Sunday, February 20, 2005

Life on Mars? or recycled news?

UPDATE: NASA is backing away from this story. See the bottom of the post.


Space.com is reporting that scientists operating earth-based observatories have seeen additional spectral signatures of microbial life on Mars. For some time, several groups have seen methane in the Martian atmosphere, even with fluctuating levels. On Earth methane can be produced by microbes (i.e. cow farts) or by geothermal processes. Since Mars is tectonically dead, the presence of geothermal processes in itself would have been very interesting for life hunters. But, since methane is not unambiguous, the hunt has been on for spectral signatures of a second organic. For a while ethane was the hot ticket.

The recent work-- apparently only submitted so VERY preliminary-- is the result of studying microbial communities in Rio Tinto, Spain, (earth). This region is very acidic and has similarities to the geography observed near the Spirit Mars rover landing site. It you made it very cold and very dry as well, you might have Mars. Space.com is saying that scientists have found microbial life underground at Rio Tinto, which perhaps is releasing some diagnostic compound, which is not made by known geological processes. . I'm guessing it would be sulfur-based.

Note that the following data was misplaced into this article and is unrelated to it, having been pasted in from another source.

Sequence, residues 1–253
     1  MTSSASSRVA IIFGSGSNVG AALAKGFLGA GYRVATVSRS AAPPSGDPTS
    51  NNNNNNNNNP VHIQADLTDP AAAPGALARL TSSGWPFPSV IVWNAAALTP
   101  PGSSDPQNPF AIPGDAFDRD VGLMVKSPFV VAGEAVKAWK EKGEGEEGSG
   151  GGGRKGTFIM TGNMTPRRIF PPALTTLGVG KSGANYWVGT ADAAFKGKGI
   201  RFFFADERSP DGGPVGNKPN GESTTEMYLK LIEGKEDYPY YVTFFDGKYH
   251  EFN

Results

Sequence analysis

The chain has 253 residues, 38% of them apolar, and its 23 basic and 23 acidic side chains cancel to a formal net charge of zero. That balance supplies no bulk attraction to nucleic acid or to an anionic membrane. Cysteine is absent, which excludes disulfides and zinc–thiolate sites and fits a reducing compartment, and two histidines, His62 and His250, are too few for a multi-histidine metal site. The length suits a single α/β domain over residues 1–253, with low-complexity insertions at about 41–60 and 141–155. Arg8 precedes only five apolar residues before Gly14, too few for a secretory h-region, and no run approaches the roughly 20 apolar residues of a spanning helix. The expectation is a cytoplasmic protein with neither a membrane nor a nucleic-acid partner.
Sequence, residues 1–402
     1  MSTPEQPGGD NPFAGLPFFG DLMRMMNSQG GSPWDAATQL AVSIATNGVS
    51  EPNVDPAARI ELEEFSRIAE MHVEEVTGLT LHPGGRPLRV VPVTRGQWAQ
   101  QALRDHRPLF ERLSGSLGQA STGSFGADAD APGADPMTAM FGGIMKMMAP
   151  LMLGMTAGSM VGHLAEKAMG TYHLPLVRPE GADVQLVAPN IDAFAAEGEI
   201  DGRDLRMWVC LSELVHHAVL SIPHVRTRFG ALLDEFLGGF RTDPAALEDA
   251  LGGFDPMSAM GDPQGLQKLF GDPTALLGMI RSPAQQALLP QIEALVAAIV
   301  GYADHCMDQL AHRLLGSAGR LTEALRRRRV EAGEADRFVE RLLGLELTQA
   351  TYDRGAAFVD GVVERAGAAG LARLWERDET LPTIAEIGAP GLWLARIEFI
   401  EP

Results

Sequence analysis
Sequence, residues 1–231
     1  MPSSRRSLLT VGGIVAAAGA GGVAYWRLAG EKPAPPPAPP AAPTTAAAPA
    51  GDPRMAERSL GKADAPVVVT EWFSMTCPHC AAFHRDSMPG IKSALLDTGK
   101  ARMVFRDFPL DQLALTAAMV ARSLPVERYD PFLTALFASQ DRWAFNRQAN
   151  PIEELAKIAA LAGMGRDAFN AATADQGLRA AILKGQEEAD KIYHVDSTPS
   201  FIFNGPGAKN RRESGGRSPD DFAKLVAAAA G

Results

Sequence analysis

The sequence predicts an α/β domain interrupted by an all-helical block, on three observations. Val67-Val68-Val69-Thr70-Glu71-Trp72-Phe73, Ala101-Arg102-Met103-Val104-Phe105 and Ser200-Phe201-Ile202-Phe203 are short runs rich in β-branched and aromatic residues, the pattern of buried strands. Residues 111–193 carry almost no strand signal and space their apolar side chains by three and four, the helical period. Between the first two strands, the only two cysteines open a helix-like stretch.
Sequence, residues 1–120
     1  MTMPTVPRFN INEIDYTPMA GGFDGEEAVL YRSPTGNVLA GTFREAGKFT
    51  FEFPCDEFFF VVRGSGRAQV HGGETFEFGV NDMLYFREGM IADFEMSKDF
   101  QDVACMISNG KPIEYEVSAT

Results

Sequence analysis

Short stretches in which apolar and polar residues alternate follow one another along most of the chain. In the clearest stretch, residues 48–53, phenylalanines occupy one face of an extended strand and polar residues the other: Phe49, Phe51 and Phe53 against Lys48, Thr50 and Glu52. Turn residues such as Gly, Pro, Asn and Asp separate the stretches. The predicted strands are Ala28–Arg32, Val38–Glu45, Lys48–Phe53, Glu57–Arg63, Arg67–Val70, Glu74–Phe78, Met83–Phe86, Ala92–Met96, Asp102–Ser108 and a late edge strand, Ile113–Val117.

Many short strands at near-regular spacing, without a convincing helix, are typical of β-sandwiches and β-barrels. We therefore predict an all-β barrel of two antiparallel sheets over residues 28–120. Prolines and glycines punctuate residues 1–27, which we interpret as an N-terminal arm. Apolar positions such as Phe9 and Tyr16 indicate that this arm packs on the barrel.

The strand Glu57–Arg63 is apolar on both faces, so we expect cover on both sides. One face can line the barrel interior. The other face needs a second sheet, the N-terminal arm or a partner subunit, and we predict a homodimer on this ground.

Wow, I have been popping around technorati. There is a ton of cut-and-paste blogging going on. I got the Space.com report verbatim at least 3 times. A couple of people, including Suicide Girls (I only read it for the articles, honest.) are talking about observations of the mineral jarosite , which is seen on earth near hot springs. Hmm, Suicide Girls and hot tubs? Anyway, According to wiki, this is also old news ("old" meaning 3 months old)

So what exactly is new here? Not sure, except maybe the explicit link to underground living.

UPDATE: Space.com has been contacted by NASA administrators who say that the work in question is not construed as proof of life. I have to say, from what i could gather, it appeared to be an incremental improvement over last year.

Still, this is very important. Proven life on 2 out of 2 known domains of liquid water means you can pretty confidently predict it's also somewhere else. Seeing and characterizing that life can tell you much more about what it takes. At the end of the day, these researchers can piss in a pot and send it to Nature, and it'll get in-- And I'll read it, too.

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